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  • STM32 5V Tolerant I/O - Power up condition

    Hi all,

    I've recently been working on a design which uses a 5V I2C extender device (P82B715TD), I have the SDA, SCL pullup resistors on the Microcontroller side going to 5V... the pins are 5V tolerant and will be used as open drain.

    What I realised is that the 5V will be present very slightly before the 3.3V... which then places a voltage on the pins that exceeds their limits, the limit is VDD+3.6V so when VDD is 0 of course it can only be 3.6V maximum.

    [ATTACH]n19890[/ATTACH]

    The attached document explains this, and provides the following solution:

    Click image for larger version

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    Could anyone explain how the zener diode provides the solution to this problem? Any suggestions for resistor value would also be welcome.

    Maybe it's an easy thing for someone to understand, any comments much appreciated.

    Anthony
  • Answer selected by Ant1882 at 06-02-2022, 02:38 AM.

    I would not use that chip (P82B715TD) unless you have a specific reason for it. As qdrives mentioned, by using transistors you can go from 3V3 to basically any voltage you need. I have used that circuit many times.

    PS: Possibly I would try to find a chip which has option for two different powers.

    Comment


    • #2
      If you have a free pin left on your you could drive the supply with a PNP transistor or P-channel mosfet which is controlled from the MCU.
      You could also make a circuit that drives it when the 3.3V is high enough (like a 2.1V zener to 0.6V of a base NPN transistor -> ~2.7V).
      The zener diode in the power supply is not something I would do.

      Comment


      • #3
        Thanks for the suggestion, my problem is that I'm using a development board for the Microcontroller side and the board is designed to sit on top via the pin headers... because I have dev boards but no chips due to shortage. So, bit limited to what I can do with the dev board (Nucleo 64)... the Zener suggestion by ST would be doable but it looks a bit odd to me!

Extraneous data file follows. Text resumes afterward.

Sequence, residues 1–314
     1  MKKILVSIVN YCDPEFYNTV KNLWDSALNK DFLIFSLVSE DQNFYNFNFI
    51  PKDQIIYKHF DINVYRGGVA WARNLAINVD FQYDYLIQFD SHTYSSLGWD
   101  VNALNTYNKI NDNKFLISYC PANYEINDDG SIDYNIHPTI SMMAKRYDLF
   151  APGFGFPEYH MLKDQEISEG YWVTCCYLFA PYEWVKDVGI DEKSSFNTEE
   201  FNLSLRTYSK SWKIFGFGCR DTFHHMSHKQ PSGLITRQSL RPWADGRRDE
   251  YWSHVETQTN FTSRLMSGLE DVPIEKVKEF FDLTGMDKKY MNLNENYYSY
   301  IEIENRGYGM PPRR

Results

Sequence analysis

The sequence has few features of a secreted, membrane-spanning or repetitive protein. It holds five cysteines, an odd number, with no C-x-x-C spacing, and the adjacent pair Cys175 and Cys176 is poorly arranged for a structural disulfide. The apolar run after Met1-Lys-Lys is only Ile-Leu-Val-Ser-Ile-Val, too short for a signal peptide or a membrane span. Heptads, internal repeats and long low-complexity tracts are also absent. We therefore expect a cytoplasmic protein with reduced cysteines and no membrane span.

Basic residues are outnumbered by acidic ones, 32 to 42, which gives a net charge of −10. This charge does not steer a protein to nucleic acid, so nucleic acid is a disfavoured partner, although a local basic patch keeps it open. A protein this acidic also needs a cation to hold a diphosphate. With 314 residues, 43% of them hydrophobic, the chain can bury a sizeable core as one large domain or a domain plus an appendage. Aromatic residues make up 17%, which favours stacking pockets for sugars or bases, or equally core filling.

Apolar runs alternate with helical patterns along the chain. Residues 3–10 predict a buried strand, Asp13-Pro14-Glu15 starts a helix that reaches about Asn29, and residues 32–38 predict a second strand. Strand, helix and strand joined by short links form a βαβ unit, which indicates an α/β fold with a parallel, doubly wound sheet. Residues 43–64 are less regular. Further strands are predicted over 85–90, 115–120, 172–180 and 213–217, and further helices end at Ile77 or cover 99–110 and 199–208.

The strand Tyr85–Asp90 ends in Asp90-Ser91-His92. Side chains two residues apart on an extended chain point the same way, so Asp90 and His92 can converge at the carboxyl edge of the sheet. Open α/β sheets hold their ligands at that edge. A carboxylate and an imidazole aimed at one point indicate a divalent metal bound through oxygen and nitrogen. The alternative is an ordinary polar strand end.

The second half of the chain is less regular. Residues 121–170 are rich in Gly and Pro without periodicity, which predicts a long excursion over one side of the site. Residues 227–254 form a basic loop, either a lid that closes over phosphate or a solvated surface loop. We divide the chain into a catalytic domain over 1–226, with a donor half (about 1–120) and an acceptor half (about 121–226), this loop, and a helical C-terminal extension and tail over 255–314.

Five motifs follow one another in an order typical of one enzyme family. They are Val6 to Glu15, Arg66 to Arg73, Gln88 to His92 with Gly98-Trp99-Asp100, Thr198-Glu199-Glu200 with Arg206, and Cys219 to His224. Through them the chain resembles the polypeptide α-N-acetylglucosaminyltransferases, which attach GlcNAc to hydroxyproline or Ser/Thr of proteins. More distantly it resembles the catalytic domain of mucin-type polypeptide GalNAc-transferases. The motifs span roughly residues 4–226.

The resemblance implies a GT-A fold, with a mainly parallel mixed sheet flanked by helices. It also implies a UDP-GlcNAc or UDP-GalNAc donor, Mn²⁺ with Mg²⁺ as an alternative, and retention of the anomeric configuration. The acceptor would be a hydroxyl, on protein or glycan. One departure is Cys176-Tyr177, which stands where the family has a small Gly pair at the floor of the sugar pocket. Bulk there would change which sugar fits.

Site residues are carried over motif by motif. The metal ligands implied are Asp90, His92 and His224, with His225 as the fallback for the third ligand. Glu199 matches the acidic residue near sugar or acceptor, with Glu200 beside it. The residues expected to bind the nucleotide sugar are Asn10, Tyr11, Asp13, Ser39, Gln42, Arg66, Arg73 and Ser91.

Comment


        • #4
          It is odd, and does not work either. In series with the zener is a resistor. Than there is a capacitor that needs to charge. The 5V is there already, before the zener start to conduct to charge the output capacitor of the LDO.

          I just remember another method:
          Click image for larger version

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          Comment


          • #5
            I would not use that chip (P82B715TD) unless you have a specific reason for it. As qdrives mentioned, by using transistors you can go from 3V3 to basically any voltage you need. I have used that circuit many times.

            PS: Possibly I would try to find a chip which has option for two different powers.

            Comment


            • #6
              Thanks for the replies,

              Yes there is another chip, the P82B96 which should do the same job but has the buffers internally. It's basically to be able to do I2C over longer distances, that other chip (P82B715TD) has been around for a while and was cheaper so that's why it was favoured... but seems like there are better options.

              Click image for larger version

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              Anthony
              Last edited by Ant1882; 05-24-2022, 04:47 AM.

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